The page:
12. Luckily, Bzonn and the generational crews have discovered a star-killer, a vortex bomb effect that is fed into a star and causes a chain-reaction.
  13. Even though the current-day narrator of this story disapproves of the killing as the Living Galaxy seems to be unique, Bzonn and his intrepid crew kill the creature and lose eight-tenths of their flotilla of craft attacking the starry maggot.
  14. Bzonn does seem to have found the limits of all universes in his travels and quest to say the Living Galaxy. However, it is speculated by the narrator that perhaps the edges are just billions of lightyears of nothingness but beyond that lies even more.
  15. ‘The Living Galaxy’ is a story that stuns the reader with its scale. Of course, the distances and times are not able to be visualised and there are elements of the science in the story that do not know hold true, but this is a major GS early narrative.
  16. Please note: this story does not propose humans held in stasis or on ice for the incredible periods of travel. Everyone is alive, learning and solving problems, living as long as they like (barring accidents) and reproducing to seed humankind into an otherwise barren and lifeless universe. Also, and just as importantly, there is no Faster Than Light (FTL) travel, no wormholes to reduce travelling time and very limited computational power. In fact, real and living humans have to do just about all of the hard work in this story.
  17. Finally, the saviour for mankind is a device used for decades to solve major problems for humans in space – a gyroscope. Is this the first use of a gyroscope to save humanity? Interested to see how Manning’s gyroscope navigating will be used for future navigation in space?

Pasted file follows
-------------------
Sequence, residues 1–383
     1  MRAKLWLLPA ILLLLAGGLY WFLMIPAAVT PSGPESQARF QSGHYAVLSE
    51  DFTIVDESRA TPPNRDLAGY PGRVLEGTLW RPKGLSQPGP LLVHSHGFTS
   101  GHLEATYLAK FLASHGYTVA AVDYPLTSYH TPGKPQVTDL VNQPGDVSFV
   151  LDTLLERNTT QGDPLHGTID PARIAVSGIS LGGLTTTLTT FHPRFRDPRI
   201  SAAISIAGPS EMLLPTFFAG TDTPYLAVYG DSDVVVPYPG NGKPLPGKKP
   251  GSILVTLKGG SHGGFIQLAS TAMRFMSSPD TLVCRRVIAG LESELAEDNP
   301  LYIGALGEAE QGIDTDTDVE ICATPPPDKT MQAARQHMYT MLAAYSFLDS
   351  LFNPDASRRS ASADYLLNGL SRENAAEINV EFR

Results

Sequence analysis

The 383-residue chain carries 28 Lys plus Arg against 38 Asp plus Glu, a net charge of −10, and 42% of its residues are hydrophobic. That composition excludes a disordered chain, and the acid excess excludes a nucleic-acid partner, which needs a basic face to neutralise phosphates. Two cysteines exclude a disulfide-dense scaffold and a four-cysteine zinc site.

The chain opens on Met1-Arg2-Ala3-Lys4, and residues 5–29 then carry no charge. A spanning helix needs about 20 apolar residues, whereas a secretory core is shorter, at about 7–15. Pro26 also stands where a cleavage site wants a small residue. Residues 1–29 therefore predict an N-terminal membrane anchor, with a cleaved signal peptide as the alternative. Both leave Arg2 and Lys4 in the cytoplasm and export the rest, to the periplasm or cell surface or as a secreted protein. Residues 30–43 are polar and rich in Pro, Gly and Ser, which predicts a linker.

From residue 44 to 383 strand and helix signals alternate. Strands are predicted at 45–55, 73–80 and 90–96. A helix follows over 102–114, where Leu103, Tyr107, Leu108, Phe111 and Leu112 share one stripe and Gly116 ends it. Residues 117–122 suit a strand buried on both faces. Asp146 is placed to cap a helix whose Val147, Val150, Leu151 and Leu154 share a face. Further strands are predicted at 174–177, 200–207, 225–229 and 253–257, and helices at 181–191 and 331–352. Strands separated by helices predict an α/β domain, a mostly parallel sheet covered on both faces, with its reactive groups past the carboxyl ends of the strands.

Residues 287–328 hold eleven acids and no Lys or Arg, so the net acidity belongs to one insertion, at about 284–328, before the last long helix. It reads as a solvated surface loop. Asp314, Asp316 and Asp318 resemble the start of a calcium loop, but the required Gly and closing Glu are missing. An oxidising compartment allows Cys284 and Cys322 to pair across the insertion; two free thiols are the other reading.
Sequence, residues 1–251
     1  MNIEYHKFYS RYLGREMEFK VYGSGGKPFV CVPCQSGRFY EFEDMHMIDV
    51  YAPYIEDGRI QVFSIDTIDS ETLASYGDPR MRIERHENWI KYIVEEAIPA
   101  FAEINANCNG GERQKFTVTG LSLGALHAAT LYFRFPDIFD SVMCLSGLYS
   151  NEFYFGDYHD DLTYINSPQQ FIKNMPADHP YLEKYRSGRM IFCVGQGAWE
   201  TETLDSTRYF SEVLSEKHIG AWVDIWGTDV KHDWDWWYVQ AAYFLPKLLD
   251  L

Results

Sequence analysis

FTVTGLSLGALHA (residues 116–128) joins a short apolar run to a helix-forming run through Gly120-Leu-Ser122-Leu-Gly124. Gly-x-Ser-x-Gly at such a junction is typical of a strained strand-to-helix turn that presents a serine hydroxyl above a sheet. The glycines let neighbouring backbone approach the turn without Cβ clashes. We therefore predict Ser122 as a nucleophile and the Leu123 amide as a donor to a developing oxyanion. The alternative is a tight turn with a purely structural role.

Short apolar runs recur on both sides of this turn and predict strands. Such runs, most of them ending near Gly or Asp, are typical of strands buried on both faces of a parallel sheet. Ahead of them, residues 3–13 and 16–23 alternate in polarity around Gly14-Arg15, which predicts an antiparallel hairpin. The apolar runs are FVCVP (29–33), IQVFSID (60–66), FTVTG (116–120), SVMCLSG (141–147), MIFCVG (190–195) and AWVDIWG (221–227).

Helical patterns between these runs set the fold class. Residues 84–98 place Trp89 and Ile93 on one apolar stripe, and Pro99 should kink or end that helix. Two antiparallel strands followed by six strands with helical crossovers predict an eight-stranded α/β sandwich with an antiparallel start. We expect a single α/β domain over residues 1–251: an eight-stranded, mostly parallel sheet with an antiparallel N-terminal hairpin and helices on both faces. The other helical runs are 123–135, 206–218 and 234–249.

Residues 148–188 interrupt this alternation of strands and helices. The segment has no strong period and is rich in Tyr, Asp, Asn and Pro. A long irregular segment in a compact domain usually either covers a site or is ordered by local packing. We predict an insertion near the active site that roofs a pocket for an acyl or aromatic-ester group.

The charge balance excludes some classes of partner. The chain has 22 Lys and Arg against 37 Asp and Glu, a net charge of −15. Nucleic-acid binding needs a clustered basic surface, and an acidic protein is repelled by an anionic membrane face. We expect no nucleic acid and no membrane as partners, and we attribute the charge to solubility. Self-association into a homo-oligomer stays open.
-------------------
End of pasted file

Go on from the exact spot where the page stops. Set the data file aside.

Back to the index

Science Fiction Critics and Writers Discuss Manning’s ‘The Living Galaxy’:

Simon Caroti argued that ‘The Living Galaxy’ (Manning, 1934) was the first “fully-fledged generation starship narrative” (2011) hailed by the story’s publisher, Hugo Gernsback, as an extraordinary feat of imagination. Collected into a later anthology, ‘The Living Galaxy’ (Manning, 1934) uses incredible spans of time as well as distance to “increase our sense of wonder” as well as to lay out information, in this case as a lecture. This was a well-known means of bringing the reader up to speed with the new, fictional universe, though it is rather clumsy.

The voice of the author of the story who invites the reader to enter the life of a six year old boy in a future 500,000,000 years in the future, morphs into the history teacher Zeta Nine with ageless, dark and glittering eyes to wave “the thread of a world of wonders” (Caroti, 2011).

Caroti notes that the reader is now immersed in the “generational pattern here, the stumbling block that constitutes the basic premise for every generation starship story: our best speeds are not sufficient to take us to another star within a human-functional framework.” (2011) The solution in this story is “an antiaging procedure”, allowing us to “undertake multi-million-year trips without trouble”.

Another great advantage of the infinitely protracted lifespan “is that the crew of a starship will never have to face the task of transmitting knowledge, purpose, and cultural values from one generation to the next until the end of the trip, thereby defeating the key problem inherent in generational space travel and freeing the author from the necessity of dealing with it” (Caroti, 2011)

As was noted above, the Manning story was published by Hugo Gernsback and many of the fictions in his magazines and collected novles showed an unshakeable belief in the role of science and scientific enquiry to solve human problems. As a result, Caroti notes, Because the people onboard Bzonn’s generation starship are children of the Gernsback age to the last man and woman, the problems that might conceivably face less driven immortals on a four-million-year voyage to the end of the universe – loneliness and the strangeness of outer space preying on the mind; alienation and psychoses; political rivalries; romantic jealousies; depression and loss of purpose; despair; aimlessness – do not exist for them.” (2011)